Trams are the most popular form of public transport and cities which removed their tram rails years ago are planning to relay them, says a report in Tuesday’s Trouw.
The university cities of Groningen, Nijmegen and Utrecht are all looking into reintroducing or extending tram lines, while passengers in Amsterdam, Rotterdam and The Hague prefer their trams to the bus or metro.
Utrecht reintroduced the tram in 1983 to link the city with the suburbs of IJsselstein and Nieuwegein. It now has plans to extend the line to De Uithof and to put a line through the centre of Utrecht. By 2020 it wants the suburb of Leidsche Rijn linked into the network.
Groningen and Nijmegen councils also have plans for tram networks, initially to link the cities with university campuses. The buses currently in use are full and more buses would only add to the traffic on busy roads, the councils say.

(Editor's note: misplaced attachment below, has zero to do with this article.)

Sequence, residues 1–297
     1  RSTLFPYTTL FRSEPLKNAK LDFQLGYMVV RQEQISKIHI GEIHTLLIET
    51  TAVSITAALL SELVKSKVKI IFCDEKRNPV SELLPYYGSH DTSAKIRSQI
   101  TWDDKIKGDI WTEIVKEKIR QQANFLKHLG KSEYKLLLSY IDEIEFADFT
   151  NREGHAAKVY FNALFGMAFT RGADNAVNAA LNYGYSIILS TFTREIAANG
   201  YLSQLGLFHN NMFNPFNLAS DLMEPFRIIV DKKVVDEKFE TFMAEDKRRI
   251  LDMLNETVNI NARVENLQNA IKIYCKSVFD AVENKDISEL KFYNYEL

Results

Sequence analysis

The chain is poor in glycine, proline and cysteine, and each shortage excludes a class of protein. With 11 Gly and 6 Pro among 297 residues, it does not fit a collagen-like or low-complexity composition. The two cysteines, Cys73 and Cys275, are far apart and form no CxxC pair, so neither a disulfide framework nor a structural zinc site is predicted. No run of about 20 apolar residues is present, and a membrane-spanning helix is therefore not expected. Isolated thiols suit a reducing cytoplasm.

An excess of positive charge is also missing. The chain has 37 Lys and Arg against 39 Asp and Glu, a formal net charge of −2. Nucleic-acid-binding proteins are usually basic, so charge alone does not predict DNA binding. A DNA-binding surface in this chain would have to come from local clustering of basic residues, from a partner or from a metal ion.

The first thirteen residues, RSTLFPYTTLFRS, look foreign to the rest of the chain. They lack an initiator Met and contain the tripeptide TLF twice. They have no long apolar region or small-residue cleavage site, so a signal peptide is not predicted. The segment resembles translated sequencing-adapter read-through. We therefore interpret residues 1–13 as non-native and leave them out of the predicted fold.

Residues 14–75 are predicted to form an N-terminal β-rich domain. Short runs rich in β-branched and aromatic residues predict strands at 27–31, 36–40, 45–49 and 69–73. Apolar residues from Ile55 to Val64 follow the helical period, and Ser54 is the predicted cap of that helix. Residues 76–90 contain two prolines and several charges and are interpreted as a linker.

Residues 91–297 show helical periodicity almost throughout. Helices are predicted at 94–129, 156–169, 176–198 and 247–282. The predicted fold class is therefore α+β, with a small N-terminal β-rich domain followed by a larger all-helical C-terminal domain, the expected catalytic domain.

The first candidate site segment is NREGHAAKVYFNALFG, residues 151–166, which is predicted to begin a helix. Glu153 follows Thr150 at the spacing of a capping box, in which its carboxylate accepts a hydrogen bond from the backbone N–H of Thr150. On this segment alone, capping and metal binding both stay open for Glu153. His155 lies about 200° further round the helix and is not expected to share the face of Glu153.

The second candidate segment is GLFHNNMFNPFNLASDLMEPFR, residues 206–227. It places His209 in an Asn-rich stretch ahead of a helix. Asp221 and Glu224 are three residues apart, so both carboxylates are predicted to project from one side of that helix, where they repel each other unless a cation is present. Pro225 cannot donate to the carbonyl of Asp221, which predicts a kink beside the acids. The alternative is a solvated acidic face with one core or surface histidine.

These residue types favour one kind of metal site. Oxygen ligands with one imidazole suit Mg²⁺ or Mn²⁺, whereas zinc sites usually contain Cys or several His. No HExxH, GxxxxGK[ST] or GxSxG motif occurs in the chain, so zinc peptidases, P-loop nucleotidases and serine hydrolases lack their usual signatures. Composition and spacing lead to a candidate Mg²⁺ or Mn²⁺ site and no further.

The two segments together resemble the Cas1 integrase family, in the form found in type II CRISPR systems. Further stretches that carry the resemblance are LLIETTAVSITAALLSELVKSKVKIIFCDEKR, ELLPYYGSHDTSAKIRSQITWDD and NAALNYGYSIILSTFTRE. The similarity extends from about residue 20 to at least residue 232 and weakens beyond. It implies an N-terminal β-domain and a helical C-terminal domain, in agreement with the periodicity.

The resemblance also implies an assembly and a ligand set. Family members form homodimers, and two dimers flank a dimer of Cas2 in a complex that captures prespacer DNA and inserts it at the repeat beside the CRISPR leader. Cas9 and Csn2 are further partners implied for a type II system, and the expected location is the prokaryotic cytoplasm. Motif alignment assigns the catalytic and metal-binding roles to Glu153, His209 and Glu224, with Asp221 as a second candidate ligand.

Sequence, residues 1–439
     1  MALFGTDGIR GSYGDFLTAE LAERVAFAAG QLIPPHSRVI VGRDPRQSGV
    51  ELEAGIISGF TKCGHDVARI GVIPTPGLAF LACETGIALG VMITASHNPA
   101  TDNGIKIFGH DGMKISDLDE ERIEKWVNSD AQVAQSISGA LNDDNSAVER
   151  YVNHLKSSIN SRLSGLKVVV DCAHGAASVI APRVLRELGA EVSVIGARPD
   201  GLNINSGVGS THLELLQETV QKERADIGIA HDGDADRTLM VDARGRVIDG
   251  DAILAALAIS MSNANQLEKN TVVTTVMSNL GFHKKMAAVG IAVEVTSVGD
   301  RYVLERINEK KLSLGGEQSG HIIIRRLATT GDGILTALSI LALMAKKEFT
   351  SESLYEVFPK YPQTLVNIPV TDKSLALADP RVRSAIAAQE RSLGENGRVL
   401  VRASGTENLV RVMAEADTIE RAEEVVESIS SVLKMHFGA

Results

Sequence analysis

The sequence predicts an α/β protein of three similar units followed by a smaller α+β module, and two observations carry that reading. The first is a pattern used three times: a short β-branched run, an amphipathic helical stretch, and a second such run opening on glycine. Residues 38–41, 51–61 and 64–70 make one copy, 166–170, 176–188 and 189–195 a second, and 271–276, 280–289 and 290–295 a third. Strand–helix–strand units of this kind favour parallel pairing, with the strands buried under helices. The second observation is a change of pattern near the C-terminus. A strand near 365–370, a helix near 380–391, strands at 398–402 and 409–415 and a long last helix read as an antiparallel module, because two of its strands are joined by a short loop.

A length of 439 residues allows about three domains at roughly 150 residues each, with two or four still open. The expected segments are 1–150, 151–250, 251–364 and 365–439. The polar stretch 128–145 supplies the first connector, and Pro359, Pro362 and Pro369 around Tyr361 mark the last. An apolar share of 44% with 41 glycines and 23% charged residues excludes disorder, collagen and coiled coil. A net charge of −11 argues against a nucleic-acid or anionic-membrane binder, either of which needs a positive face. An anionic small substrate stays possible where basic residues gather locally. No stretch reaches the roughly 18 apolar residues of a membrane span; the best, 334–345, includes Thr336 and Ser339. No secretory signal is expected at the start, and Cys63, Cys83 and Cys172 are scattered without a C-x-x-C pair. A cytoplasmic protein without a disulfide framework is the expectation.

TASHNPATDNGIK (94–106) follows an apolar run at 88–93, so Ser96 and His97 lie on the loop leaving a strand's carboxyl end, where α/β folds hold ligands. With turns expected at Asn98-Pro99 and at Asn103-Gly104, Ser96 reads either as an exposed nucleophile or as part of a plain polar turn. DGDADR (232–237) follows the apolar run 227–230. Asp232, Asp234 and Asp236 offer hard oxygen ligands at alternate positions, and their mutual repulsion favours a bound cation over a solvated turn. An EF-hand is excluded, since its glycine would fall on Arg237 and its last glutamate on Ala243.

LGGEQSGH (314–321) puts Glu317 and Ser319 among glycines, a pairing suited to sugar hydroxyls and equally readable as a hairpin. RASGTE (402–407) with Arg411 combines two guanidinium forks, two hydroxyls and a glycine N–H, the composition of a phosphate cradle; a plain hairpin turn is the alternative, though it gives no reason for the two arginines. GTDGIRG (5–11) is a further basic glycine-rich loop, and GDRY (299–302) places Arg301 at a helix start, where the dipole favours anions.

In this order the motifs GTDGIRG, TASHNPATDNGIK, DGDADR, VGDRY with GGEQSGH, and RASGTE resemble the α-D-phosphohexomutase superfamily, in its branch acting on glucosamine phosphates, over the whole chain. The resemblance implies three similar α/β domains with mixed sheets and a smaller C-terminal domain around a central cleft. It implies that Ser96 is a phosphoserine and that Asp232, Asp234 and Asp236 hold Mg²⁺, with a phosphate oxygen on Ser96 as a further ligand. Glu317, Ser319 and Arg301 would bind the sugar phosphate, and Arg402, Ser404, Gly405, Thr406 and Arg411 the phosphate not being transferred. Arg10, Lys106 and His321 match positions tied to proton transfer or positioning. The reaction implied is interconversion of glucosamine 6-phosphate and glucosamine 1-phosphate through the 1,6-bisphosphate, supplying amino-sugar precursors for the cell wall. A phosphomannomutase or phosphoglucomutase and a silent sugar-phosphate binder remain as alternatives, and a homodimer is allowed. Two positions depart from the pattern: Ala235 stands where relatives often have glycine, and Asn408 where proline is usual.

The biggest problem is money. Light-rail advisor Rob van der Bijl told Trouw that trams are more expensive to run than buses. ‘But trams are cleaner,’ he said. And the new low-slung trams make it easier for older people and mothers with children to get on and off.
Meanwhile, a recent survey by Amsterdam’s public transport company found that 77.5% of respondents were positive about travelling by tram, compared with 73.2% for the bus and 62.2% for the metro. Trouw says figures for Rotterdam and The Hague are similar.
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